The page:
Finalist 5 – Linnetta
Motherhood and Education – The Strengthening Struggles
Social justice envisions an environment where not only the basic needs of clothing, food, shelter and health care are met, but one in which all people can actually thrive – socially, economically, politically. We create that world through helping each other, through becoming agents of change. Education plays an instrumental role in changing people’s lives, and its rewards far outweigh the obstacles of juggling academics with motherhood. The American leader and civil rights advocate Jackie Robinson once said that “a life is not important except in the impact it has on other lives.” This quote embraces the professional role of social workers in other people’s lives and my own approach as a mother. I strive to continue his legacy of integrity, citizenship, and justice. My unique undergraduate experience as a mother and student, taught me lessons about doing the right thing for the right reasons. The last few years at Stony Brook helped me to make a difference in myself and in others – both inside and outside of the classroom. I am thankful and delighted to begin my next journey at the Columbia University School of Social Work to obtain a Master’s of Science in Social Work. I plan to serve as a role model for my four-year-old son, Adriel, while utilizing the tools of discipline, passion and empathy that I gained from him.
As I pack my belongings to begin a new life in New York City, I reminisce about the past four years. Almost a half-decade ago, as I graduated high school and prepared to undertake my undergraduate studies- I found out about my pregnancy. Although these news changed my life, I moved into the dormitories of Stony Brook University the following fall. This semester was filled with emotional, physical and academic challenges. I broke up with my son’s father, lost friends, felt nauseous on a daily basis and struggled academically in my courses. I became depressed and took the following semester off to recover and to welcome my child. As cliché as it sounds, Adriel transformed my life. My love for this tiny new person saved my life. Our bond transcends any obstacle and gives me strength during times of need. In addition to mystical love, parenting comes with an array of responsibilities including financial duties. Two months after his birth, I returned to school, moved into my own apartment and began a full time job. It is only in retrospect that I am capable of grasping the formative extent of this time on my life. My eighteen-year-old self, experienced the discipline that comes with parenting, and the necessary sacrifices to give my child the best.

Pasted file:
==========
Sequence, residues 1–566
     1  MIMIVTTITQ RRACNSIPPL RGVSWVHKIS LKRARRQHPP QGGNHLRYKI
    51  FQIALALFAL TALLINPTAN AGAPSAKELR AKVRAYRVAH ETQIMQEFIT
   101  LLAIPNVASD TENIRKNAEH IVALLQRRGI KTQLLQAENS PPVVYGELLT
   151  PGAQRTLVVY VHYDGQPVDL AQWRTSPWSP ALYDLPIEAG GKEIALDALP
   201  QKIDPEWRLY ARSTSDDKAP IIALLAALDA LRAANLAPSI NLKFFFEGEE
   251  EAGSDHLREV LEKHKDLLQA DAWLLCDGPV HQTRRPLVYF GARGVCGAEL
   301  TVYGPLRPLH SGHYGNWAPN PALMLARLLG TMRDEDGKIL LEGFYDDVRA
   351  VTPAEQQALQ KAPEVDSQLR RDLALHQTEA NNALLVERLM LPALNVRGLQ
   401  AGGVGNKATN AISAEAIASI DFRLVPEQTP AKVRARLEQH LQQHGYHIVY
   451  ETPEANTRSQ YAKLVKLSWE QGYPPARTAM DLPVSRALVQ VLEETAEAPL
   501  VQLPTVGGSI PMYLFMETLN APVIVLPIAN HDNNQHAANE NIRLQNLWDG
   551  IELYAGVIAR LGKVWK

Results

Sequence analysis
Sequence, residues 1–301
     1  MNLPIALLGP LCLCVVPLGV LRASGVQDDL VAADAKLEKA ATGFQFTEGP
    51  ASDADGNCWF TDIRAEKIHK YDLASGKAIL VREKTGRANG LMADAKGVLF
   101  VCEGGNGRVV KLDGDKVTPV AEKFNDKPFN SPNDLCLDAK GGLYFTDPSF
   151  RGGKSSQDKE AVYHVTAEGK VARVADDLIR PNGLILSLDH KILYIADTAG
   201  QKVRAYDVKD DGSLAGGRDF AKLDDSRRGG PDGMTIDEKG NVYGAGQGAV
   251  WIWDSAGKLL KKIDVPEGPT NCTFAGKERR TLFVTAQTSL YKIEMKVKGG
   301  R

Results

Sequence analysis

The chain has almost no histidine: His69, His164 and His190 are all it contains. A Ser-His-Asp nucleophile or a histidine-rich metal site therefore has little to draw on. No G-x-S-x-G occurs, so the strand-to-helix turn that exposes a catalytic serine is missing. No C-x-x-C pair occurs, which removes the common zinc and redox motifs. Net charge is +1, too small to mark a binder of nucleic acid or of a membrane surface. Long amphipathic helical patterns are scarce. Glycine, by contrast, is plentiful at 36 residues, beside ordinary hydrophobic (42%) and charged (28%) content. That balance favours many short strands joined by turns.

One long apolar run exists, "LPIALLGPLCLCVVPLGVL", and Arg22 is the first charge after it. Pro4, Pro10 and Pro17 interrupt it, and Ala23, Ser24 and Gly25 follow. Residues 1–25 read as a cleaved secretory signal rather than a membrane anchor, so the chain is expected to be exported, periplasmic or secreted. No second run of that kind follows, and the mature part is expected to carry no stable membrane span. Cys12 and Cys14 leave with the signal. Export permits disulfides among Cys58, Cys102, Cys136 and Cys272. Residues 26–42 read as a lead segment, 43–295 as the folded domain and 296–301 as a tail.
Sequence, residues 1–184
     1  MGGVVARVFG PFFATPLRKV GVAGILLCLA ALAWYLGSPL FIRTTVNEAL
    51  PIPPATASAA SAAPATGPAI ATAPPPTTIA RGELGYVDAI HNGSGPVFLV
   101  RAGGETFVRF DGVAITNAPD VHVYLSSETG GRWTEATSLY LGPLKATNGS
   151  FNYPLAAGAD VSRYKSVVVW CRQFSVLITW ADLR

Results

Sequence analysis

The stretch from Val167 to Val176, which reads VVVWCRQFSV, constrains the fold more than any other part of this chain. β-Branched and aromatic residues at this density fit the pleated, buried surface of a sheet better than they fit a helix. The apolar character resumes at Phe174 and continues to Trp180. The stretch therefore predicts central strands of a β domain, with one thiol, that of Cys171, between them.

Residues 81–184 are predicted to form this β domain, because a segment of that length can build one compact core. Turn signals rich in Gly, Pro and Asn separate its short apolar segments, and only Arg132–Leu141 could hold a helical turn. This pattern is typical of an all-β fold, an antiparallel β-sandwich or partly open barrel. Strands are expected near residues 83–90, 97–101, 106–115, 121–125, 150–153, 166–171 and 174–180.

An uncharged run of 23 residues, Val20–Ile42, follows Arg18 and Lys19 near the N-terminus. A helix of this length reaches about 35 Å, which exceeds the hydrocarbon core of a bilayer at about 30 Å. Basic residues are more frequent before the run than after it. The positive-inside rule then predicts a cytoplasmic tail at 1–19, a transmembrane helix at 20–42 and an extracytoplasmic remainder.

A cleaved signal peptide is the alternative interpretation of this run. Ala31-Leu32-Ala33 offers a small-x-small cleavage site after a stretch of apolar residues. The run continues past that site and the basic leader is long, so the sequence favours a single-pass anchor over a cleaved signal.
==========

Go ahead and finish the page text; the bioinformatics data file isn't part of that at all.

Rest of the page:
This discipline and structure helped me to effectively manage my time in order to succeed academically. I learned to not only complete my assignments on time, but to complete them while my son was in the Stony Brook Child Care Center (SBCCC). SBCCC is an on campus facility that served students faculty and staff. Adriel and I took the bus from our on campus apartment to SBCCC. I remember holding him in my arms, along with my back pack, his diaper bag and a stroller, through the cold rainy, snowy and sunny days. Every morning, my body literally struggled through the difficulties of managing my student life while caring for a child. This struggle only strengthened my love for Adriel, but I doubted myself. I overcame my self-doubt with the help of Adriel, mentors and family. I learned to persevere in the face of adversity because things would work themselves out. Adriel showed me empathy and to keep an open mind toward the future. Some weeks during which I could not afford formula, SBCCC would donate some. During my son’s time SBCCC, I enjoyed quality child care, valuable staff and resources that made it possible to finish my bachelor’s degree. These resources led to my interest in self-advocacy and to seek leadership opportunities.